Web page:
Review: Britten, Church Parables, Orford Church, June 20 & 21

Britten’s three Church Parables all received their premieres in Orford Church so it was entirely fitting that the performances in this year’s centenary festival were in the same setting. Such was the demand for tickets that these performances were in addition to those originally scheduled.

Curlew River was inspired by a Japanese Noh play, Sumigadawa, that Britten saw on a visit to Asia in 1956 and which made a profound impression. Back in England he worked with librettist William Plomer and, while retaining the original story, moved the setting from ancient Japan to mediaeval England with the music based on a plainsong hymn. The overall atmosphere is fluid, the music clearly reminiscent of the Orient and the scoring is light and imaginative, each character associated with certain motifs and instruments. Director Frederic Wake-Walker had created a performance that was seamless and quite riveting. James Gilchrist was mesmeric as the madwoman, even if his garment made him occasionally resemble an injured butterfly. Lukas Jakobski was in superb voice as the Abbott, full of resonance and authority. Samuel Evans and Rodney Earl Clarke sang their roles with character and accuracy, although the latter’s diction was less clear than it might have been as he retold his story to his unsuspecting passengers. Additional performers from Mahogany and Jubilee Opera and The Aurora Orchestra sang and played with dignity and refinement with Roger Vignoles directing from the chamber organ. Designs from Kitty Callister and the subtle lighting of Ben Payne all contributed to a late evening of rare and refined delight, particularly as the spirit of the dead boy appeared.

The other two parables were given on the following evening with the same performing and direction personnel.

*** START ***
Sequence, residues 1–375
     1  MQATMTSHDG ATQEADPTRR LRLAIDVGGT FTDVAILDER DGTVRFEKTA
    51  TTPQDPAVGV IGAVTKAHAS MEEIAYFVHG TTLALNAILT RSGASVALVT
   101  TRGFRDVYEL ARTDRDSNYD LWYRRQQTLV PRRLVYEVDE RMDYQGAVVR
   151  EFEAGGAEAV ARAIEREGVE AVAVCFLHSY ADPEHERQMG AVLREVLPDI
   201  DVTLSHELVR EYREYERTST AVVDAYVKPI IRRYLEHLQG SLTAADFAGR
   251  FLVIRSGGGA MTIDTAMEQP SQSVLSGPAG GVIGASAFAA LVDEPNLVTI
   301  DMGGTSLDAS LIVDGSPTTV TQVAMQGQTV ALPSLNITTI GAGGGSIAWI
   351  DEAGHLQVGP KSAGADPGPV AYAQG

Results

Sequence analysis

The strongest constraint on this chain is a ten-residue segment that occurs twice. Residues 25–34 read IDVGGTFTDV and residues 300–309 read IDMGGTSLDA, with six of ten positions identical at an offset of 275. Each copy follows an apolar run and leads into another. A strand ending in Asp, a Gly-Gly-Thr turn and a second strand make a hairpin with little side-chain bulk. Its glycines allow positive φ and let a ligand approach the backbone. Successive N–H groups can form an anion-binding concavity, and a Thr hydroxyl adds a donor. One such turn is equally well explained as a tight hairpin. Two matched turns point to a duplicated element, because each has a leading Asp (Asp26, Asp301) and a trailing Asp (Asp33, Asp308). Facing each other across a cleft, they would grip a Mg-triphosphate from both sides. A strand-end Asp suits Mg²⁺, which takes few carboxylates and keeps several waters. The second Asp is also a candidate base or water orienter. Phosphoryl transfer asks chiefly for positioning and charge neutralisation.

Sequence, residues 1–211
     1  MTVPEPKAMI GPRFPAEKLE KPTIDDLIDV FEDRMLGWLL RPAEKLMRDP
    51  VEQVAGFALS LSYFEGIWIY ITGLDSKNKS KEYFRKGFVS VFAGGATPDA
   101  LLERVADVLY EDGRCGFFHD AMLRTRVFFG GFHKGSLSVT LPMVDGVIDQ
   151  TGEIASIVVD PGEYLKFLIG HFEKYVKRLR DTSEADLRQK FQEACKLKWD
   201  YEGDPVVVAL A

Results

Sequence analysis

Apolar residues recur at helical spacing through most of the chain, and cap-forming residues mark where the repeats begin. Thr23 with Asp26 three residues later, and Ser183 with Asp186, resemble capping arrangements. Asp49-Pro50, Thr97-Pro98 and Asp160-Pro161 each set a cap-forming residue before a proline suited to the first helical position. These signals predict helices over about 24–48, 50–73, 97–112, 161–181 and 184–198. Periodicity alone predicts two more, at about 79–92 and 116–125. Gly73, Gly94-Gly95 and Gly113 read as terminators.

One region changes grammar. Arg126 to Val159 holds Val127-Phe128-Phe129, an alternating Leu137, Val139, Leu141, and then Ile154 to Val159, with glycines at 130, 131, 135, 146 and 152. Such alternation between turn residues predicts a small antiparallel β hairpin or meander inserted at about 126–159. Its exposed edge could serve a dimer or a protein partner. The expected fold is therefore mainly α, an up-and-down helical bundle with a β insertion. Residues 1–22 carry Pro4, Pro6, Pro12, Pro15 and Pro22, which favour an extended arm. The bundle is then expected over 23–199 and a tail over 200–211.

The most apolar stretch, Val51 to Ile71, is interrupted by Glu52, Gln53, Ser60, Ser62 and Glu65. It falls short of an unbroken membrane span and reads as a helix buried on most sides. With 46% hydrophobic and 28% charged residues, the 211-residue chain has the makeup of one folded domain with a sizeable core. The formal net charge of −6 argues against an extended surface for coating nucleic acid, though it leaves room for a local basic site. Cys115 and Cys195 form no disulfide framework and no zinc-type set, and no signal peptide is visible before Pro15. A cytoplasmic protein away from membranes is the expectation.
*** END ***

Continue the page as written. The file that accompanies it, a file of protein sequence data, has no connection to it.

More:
The Prodigal Son, the last of the three, was inspired by a Rembrandt painting in the Hermitage Museum. James Gilchrist had, musically speaking, the liveliest character as The Tempter and he and John McMunn as the Younger Son made the most of their duet as they set off, gourd-accompanied, for the City of Sin. The chorus sang with bite and precision and there was some clever and effective choreography representing the vices of the City. Rodney Earl Clarke made clear his displeasure at his father’s warm welcome towards the errant younger son but Lukas Jakobski’s performance was full of nobility in demonstrating universal, unconditional love. Once again the instrumental playing was outstanding, with an exceptional contribution from the viola. After the lively celebration dance following the Son’s return home the ending was quiet, simple and satisfying.

The Burning Fiery Furnace is drawn from the Old Testament and its theme is steadfastness in the face of tyranny. Britten was particularly inspired to tackle the story of Nebuchadnezzar after seeing the stained glass windows in Chartres Cathedral that illustrate the story. Although it is a more colourful work than Curlew River it retains some central ideas from the earlier work, notably a catharsis based on faith, in this case the conversion of Nebuchadnezzar, given a particularly strong and characterful portrayal by James Gilchrist. The pagan march in which the instrumentalists processed round the church playing various instruments was wonderfully enjoyable and superb trombone playing added an exotic flavour. The design and direction a created a wholly convincing furnace and the raising of the image of Merodak, along with its dismantling at Nebuchadnezzar’s conversion was crisply effective.


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To hear these three fascinating and inventive works in close proximity was a consistently absorbing and often sublime experience.

Gareth Jones

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